Legal Aspects The Individuals with Disabilities Education Act (IDEA) states that children determined to have disabilities receive special education services if the condition negatively affects the educational performance of the child (IDEA, 2004). As noted, a child with SPD can display serious signs and symptoms that can affect the performance of the child in an educational setting. Therefore, children should be given special education services when it impacts a student’s educational performance. Characteristics Sensory processing disorders can often be recognized when a child is young, usually around the age of a toddler (Arky, 2021a). Parents may notice the child being antagonized by stimuli such as specific amounts of light, frequencies of sounds, adherence to certain food textures, or struggling with fine motor abilities such as properly holding and using a crayon. Lucy Miller (2009), the founder of the first Sensory Processing Disorder research program in the United States, explains SPD as a diagnosis based on the child’s ability to detect and adapt to sensory stimulation, if there are noted disturbances in the ability to adapt, and how severely the lack of adaptation affects the child’s daily life. Research published in Cogent Medicine by Dr. Adrian Galiana Simal from the University of Madrid found a link between SPD and a higher risk of depression and psychopathology (Galiana Simal, et al., 2020). It should also be noted that up to 60% of children with SPD also have been diagnosed with ADHD (STAR Institute, n.d.) Social Benefits For students with SPD, interacting with others can be difficult. Issues recognizing social cues, understanding emotions, and poor social problem-solving skills can cause students to be isolated frompeers (John, 2021). Recess provides an environment inwhich students can learn how tomanage their SPDwith and around peers and form a community (Binder, 2021). Students learn behavioral norms and social expectations through observation, experience, and peer relationships. Building knowledge of how to interact with others is important for socialization and the student’s sense of self. Recess, when organized and appropriately run, promotes cooperative play, which helps students with SPD practice regulating their own emotions and recognizing the emotions of others. In addition, playing and conversing with peers helps build social and physical confidence and sharing skills (Binder, 2021). The primary benefit of recess is socialization, as it can be one of the only non-regulated social times of the school day (Kovar, 2012). More often than their typical peers, students with SPD will less likely be involved in a social activity that is centered outside of school or home (Suarez, 2012). Physical Benefits Students canusemultiple outlets during recess to either stimulate or calm their senses based on what they need. Children each deal with their senses and react to different environments in unique ways (Thompson, 2013). Recess provides a time to do physical activity and play, which can focus the mind of an overstimulated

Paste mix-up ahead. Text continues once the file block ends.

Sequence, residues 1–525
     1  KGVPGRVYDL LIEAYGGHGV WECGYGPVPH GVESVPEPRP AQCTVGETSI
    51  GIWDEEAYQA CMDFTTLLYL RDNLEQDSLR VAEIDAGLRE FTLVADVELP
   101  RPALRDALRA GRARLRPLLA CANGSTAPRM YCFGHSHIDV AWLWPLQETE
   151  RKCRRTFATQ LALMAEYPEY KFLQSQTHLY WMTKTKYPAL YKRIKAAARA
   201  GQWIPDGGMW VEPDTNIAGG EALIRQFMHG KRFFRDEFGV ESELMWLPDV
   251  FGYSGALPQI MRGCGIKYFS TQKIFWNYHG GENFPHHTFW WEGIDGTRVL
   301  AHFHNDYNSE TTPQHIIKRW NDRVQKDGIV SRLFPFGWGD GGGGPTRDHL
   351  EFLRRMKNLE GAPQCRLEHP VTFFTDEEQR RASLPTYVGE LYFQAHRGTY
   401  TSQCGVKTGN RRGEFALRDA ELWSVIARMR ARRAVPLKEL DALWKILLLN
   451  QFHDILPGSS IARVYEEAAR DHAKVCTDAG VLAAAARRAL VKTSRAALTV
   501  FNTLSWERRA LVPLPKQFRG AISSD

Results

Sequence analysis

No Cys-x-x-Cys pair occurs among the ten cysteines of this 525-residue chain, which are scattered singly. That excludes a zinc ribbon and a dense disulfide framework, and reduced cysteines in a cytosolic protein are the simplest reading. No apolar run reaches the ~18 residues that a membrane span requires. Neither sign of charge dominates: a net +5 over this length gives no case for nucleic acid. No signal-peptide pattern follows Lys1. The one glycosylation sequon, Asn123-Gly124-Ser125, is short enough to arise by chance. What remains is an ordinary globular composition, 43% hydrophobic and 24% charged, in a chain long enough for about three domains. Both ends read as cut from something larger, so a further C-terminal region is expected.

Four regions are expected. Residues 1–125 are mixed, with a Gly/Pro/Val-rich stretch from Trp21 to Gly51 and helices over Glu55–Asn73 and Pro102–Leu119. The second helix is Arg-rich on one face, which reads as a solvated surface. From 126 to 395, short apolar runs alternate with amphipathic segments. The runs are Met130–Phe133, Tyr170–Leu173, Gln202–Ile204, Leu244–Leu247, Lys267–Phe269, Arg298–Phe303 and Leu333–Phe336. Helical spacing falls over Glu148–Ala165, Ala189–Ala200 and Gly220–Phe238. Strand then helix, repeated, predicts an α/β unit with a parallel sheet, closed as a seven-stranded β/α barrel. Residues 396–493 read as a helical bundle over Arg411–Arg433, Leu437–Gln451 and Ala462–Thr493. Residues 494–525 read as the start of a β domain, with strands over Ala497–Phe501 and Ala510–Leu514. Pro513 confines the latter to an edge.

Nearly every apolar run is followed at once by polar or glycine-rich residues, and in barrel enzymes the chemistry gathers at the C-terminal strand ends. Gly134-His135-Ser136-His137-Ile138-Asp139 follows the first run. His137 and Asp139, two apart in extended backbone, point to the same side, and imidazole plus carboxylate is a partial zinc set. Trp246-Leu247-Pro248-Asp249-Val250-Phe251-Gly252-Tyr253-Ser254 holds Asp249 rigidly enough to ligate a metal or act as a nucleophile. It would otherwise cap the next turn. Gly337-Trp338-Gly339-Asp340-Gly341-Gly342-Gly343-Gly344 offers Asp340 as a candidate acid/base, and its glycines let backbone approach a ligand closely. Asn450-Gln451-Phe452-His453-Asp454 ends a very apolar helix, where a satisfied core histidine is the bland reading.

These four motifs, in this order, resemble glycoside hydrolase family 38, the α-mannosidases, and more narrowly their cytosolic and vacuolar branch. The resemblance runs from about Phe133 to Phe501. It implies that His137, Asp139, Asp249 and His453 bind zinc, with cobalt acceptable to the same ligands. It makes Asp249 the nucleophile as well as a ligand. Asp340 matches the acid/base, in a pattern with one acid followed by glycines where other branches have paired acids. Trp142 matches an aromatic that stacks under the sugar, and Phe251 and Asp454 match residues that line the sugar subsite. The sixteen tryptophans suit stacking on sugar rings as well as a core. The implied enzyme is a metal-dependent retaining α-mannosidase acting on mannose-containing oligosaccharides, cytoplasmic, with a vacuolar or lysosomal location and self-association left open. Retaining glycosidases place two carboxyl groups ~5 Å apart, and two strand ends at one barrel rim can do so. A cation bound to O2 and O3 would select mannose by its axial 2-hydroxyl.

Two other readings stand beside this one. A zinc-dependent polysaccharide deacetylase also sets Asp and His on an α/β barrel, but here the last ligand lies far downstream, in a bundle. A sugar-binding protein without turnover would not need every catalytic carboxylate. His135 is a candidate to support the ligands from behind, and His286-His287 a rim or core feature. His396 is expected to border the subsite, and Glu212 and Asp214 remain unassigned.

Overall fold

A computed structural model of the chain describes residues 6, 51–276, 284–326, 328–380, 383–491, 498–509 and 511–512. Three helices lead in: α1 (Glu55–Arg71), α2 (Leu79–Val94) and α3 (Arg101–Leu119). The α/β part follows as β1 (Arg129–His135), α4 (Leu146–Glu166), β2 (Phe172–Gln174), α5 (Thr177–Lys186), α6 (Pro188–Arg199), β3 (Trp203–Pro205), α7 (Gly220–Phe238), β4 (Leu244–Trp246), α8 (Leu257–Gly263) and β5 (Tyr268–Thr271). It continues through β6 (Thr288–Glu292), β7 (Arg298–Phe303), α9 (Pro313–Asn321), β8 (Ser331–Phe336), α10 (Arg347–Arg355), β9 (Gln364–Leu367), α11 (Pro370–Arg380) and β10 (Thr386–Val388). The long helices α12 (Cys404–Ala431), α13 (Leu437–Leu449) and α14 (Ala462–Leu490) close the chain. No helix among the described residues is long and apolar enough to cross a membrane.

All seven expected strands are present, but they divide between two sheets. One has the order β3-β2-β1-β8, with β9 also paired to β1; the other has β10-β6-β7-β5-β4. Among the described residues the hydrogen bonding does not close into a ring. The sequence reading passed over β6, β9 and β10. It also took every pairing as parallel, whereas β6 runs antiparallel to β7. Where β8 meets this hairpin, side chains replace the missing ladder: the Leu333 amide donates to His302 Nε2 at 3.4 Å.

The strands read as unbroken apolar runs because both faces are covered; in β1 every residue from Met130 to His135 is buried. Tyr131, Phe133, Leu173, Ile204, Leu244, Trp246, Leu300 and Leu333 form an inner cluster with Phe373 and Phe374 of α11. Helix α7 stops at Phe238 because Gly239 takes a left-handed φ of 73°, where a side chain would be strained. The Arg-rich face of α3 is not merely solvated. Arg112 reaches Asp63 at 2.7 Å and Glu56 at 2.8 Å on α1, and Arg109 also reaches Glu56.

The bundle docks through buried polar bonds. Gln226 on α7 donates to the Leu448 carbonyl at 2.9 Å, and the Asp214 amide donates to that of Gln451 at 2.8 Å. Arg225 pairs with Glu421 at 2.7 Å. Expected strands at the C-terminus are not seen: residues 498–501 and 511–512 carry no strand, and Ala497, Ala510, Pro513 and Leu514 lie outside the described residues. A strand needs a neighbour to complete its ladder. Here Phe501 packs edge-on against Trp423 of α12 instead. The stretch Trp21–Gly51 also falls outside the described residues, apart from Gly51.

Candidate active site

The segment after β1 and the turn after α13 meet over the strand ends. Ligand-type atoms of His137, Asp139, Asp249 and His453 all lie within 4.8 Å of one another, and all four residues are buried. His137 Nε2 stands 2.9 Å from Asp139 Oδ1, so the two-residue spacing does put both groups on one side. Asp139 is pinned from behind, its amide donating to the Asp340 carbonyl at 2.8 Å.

child, preparing them for return to the classroom (Thompson, 2013). For a child who may be understimulated, recess provides a time for stimulating activities. This time can be utilized to stimulate senses by participating in games, socialization, using playground equipment, and other activities. Academic skills can also be integrated into recess, for example, practicing counting while jumping rope or sketching letters with chalk on pavement. Children with sensory processing disorder can have difficulties with spatial relations, balance, and processing the amount of force they are using (Arky, 2021). Recess provides the opportunity for a child to practice and improve these skills independently, with other students and teachers. Other professionals, such as occupational therapists, can offer exercise ideas, games, or pre planned activities, to increase the likelihood that the students get sensory exercise or rest, whichever is deemed most appropriate for the student (Arky, 2021). Modifications It is important to remember that SPD is neurological - not cognitive. When reading the following modifications, it is also important to note that the needs of children with SPD may include properly performing skills while also knowing how their bodies are situated in relation to others. Cosbey, Johnston, and Dunn (2010) recommended three potential goals when working with children with SPD: (a) identify activities that bring joy and meaning to the individual child, (b) strategize ways that the child can successfully engage in the activity, and (c) use these activities to build his or her social circles with peers.” The authors recommend the following modification during recess for children with SPD. However, it must be remembered that these modifications are not appropriate for all children with SPD. Decisions should be based on the individual needs of the student. • Supply a variety of balls for activities of different sizes, colors, and textures to allow a student to choose which is most comfortable for them. • Allow the student to move away from any loud noises, including a game that other children are playing. • Consider using earplugs with soft music that the student enjoys or noise-canceling headphones. • Interact with the student while displaying proper behavior; this includes eye contact while speaking, correct social distancing, and correct tone. • Develop an alternative method for the student to communicate with a partner or the teacher when the student is uncomfortable in a particular situation. An example would be the use of simple sign language. • Remove any excess stimuli. • Allow the use of a “cool down pass” for the student to leave an uncomfortable stimulus. • Assist a student in being included in a recess activity, then remove yourself and observe the student’s level of participation. • Always have activities that the student has shown comfort with as an alternative choice.